EC2 Dedicated Hosts allows users to match server licenses to specific servers
After years of offering virtual, anonymous cloud resources, Amazon is now offering users the ability to run their software on specific servers.
The new Dedicated Hosts feature in Amazon’s EC2 elastic cloud service lets users bring their own software licenses and access specific servers. The idea is to provide machines which are proof against “noisy neighbors” where a fellow customer hogs a particular resource, and to satisfy customers whos terms of operation require them to “own” their servers.
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The ultimate anonymity of the computing cloud is often not an appropriate way for a business to make use of cloud computing power. In many cases, an application for a specific business need requires dedicated computing power and a way to monitor and control a specific server, a need that has often been filled by data center vendors offering dedicated hosting. These needs range from specific computing power to requirements related to access to meet regulatory compliance.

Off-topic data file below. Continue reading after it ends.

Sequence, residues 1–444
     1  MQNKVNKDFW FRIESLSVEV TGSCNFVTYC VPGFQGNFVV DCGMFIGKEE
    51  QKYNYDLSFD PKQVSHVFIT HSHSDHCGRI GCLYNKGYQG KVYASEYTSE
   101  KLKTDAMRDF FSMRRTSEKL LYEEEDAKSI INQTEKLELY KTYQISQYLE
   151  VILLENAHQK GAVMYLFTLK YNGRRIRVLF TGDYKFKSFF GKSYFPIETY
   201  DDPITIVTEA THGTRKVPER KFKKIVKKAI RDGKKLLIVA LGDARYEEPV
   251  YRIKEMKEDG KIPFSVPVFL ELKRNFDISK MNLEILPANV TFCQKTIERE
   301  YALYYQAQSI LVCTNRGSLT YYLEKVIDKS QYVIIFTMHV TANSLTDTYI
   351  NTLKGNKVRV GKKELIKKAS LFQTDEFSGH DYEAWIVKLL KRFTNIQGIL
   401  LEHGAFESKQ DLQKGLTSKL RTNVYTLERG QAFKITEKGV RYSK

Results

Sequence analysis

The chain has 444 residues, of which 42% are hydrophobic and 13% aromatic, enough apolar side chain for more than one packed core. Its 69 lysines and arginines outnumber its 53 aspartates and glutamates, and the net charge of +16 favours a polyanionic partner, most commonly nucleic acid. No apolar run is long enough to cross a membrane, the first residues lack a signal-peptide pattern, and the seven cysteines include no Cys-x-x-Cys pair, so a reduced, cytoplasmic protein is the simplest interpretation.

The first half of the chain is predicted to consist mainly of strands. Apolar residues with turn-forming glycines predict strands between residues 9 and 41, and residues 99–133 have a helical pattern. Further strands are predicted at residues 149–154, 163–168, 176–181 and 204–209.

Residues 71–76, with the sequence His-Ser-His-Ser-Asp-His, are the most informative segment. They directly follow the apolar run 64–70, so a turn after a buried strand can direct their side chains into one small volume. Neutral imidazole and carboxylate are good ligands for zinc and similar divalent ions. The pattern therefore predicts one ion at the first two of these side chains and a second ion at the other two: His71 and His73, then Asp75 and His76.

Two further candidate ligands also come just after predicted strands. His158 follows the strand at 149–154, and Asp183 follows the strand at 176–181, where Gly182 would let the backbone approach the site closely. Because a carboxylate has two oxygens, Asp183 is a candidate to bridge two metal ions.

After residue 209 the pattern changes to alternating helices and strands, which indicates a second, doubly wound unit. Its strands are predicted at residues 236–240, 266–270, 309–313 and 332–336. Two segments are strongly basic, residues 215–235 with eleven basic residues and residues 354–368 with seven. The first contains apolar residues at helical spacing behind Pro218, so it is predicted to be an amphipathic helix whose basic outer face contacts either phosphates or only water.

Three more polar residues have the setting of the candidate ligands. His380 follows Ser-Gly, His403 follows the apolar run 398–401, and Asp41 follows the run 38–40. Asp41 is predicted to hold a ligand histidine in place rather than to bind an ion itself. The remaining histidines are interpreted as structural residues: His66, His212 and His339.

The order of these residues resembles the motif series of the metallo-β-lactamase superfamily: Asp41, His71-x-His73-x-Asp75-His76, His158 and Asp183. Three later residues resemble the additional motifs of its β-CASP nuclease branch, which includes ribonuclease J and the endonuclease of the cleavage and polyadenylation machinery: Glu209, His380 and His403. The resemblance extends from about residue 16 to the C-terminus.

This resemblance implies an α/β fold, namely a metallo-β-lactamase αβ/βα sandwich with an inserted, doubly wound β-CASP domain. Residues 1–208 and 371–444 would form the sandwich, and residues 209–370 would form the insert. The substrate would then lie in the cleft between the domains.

With the new AWS EC2 Dedicated Host feature Amazon’s cloud services has moved to fill that niche, as well. Announced by Jeff Barr in the AWS official blog on Monday, the EC2 dedicated Hosts feature allows customers to bring their own server licenses for Windows Server, SQL Server, SUSE Linux Enterprise Server, as well as other enterprise systems and products to the cloud.
Users can make use of AWS Config to match server licenses to their dedicated hosts, with fine grained control via the Control Instance Placement feature over sockets and cores to make that license matching possible.
Users are still deploying virtual machines; this is not the bare metal install that a dedicated server in a colo facility provides, but it addresses licensing and compliance issues that previously were not possible to monitor with AWS and would have required a different solution. Customers are not getting dedicated hardware, but they can now deploy using AWS in both its shared and dedicated services modes. They can monitor all of their operations from within the AWS management interface as opposed to deploying different services on different providers.